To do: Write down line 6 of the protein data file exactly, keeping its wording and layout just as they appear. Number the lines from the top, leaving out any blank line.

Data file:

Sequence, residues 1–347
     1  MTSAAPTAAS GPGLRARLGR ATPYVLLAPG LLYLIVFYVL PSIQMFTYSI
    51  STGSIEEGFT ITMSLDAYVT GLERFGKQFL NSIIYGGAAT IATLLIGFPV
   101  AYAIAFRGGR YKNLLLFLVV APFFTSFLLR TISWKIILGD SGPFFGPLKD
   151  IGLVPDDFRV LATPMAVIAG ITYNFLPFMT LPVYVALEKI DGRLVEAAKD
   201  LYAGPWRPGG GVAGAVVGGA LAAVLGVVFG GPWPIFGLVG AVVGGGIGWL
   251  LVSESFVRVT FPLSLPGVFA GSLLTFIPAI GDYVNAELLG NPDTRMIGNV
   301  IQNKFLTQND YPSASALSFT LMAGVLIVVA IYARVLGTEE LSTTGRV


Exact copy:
   201  LYAGPWRPGG GVAGAVVGGA LAAVLGVVFG GPWPIFGLVG AVVGGGIGWL